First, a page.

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    • tante
    • By tante 25th Aug 17, 3:55 PM
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    tante
    Confusion about status of a property partially left in trust to me
    • #1
    • 25th Aug 17, 3:55 PM
    Confusion about status of a property partially left in trust to me 25th Aug 17 at 3:55 PM
    When my dad died a couple of years ago, his will left half of my parents' house to me in trust - as far as I understand it, the arrangement is that my mum is really the owner of the house and can continue to live in it for as long as she wants without fearing any disruption from me, but when she dies, my dad's half will then pass to me.

    My mum didn't really think about this until coming to sell her house recently, but has now been told that because half is in trust to me - and I already own my own property - that half will be considered to be 'mine' and will be liable for a much larger stamp duty bill as my 'second property', even though I have no interest in the house and technically don't even own that half yet.

    We are a bit stumped by this as my mum's solicitor, who dealt with my dad's will etc, told her that she wouldn't have any problems when selling the house due to this arrangement, that it would all just proceed as normal... he must have forgotten that I would soon reach the age where I might buy a property of my own!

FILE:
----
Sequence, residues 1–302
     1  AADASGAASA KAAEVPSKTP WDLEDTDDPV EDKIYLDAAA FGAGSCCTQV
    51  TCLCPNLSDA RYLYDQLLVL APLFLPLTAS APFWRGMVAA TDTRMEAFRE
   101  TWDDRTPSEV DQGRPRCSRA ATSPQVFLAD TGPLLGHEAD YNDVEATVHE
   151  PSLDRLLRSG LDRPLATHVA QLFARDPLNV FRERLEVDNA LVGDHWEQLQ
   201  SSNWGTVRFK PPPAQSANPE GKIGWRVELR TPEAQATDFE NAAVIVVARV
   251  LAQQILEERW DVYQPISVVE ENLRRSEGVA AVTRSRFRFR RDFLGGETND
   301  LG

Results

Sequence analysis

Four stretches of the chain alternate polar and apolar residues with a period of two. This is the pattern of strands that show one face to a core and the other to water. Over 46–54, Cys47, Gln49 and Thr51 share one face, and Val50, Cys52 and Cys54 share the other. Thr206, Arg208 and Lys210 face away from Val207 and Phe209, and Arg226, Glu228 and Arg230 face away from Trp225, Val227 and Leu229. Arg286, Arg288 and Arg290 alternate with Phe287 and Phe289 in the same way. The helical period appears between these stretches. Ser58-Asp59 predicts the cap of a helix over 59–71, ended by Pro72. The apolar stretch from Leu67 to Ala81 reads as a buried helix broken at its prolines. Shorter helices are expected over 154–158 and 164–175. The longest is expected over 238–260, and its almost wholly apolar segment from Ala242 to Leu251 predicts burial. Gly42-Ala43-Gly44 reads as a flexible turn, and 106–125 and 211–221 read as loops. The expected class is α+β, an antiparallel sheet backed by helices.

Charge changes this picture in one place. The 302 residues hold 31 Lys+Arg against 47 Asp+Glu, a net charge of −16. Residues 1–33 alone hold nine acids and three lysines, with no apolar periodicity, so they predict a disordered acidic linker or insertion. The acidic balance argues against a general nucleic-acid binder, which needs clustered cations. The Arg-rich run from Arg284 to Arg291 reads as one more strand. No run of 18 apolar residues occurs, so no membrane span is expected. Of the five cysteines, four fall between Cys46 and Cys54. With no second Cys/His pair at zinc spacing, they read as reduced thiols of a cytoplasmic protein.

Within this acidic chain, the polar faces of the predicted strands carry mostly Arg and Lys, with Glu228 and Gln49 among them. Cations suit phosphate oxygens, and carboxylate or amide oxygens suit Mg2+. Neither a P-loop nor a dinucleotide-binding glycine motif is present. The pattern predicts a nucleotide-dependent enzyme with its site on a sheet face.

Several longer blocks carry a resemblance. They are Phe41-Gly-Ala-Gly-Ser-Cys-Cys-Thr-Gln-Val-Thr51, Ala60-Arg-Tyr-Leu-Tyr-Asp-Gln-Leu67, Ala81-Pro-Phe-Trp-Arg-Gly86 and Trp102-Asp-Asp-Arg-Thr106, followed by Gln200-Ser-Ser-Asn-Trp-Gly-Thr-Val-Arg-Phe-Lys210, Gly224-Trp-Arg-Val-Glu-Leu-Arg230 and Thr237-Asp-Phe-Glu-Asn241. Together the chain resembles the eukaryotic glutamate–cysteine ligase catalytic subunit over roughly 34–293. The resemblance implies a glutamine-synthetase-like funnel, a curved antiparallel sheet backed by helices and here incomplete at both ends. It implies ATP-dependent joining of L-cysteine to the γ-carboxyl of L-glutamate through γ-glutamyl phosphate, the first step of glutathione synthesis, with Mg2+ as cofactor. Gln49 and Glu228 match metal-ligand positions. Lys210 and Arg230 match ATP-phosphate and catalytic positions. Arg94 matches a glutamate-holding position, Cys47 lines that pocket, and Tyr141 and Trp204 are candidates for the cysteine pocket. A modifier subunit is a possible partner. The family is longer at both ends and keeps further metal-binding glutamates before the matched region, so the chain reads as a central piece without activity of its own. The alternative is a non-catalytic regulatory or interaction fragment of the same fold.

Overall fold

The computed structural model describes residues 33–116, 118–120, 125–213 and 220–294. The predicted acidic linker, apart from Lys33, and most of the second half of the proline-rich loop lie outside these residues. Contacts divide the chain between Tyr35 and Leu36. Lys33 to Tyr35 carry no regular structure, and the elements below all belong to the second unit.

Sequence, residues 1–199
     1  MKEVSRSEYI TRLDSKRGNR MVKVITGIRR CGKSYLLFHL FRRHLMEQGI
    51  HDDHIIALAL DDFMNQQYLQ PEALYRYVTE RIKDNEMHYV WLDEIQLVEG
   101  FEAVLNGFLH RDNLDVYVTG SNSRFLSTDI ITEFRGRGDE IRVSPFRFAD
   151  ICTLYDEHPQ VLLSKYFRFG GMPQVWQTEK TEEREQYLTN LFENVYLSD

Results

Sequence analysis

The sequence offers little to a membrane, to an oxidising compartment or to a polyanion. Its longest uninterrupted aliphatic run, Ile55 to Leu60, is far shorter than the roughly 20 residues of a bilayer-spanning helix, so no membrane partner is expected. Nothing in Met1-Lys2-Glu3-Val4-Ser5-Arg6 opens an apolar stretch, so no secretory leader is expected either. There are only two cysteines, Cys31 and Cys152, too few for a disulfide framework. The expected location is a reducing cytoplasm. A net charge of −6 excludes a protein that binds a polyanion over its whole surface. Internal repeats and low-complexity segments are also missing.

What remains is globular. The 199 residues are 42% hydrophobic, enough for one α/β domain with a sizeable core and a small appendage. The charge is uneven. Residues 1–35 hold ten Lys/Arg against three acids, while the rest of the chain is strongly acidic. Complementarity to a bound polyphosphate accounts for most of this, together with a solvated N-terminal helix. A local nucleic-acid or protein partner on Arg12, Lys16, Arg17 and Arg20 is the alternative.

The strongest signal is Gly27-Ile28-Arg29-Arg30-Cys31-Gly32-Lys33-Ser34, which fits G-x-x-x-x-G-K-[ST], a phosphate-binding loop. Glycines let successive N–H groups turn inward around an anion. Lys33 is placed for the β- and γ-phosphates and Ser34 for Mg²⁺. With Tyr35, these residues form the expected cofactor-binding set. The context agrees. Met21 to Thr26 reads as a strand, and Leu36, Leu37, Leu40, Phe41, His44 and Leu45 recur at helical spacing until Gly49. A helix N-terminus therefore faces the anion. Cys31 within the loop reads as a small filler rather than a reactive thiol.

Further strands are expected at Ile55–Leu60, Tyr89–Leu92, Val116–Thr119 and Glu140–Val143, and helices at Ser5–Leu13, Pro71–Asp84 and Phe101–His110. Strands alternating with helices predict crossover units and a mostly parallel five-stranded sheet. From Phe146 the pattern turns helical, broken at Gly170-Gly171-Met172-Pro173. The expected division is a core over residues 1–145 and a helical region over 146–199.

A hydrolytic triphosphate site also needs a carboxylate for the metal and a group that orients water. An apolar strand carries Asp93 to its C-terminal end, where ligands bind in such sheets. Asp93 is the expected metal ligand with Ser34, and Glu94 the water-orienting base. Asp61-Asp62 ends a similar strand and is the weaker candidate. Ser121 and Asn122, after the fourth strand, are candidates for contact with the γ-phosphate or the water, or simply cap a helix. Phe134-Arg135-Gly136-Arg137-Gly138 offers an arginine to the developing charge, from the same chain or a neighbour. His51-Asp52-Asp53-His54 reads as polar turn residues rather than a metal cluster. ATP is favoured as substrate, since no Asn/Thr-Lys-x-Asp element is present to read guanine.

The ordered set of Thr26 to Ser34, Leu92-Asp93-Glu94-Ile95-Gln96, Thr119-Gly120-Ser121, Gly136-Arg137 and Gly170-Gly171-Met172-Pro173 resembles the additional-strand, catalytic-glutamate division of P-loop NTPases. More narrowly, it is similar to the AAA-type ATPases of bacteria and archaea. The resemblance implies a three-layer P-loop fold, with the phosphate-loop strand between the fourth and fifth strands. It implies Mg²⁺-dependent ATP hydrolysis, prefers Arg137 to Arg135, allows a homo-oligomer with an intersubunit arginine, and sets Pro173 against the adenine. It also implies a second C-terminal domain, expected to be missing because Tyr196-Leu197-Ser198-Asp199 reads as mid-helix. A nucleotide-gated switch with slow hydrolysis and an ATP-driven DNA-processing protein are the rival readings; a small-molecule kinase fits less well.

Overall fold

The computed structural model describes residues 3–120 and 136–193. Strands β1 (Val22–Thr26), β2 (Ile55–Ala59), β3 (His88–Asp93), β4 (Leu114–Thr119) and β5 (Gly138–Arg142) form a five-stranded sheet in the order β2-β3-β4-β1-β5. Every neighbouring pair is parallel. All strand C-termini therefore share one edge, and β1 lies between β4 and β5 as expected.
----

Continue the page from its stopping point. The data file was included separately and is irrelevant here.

For some reason he apparently put me on the land registry as co-owner as well, which doesn't seem logical at all - is it normal/necessary to do this when some of a house is being held in trust? I do not consider myself to own half of this property as it is still my mum's now.

    I am also a bit concerned that when I bought my first flat last year, I didn't even know about these trust arrangements and I bought my flat as my first/only property. Would me having a share of something waiting in trust make this incorrect?? It seems so absurd that half of a property I can't even live in or sell would be regarded as my 'first home' but now I'm scared that I did the wrong thing...!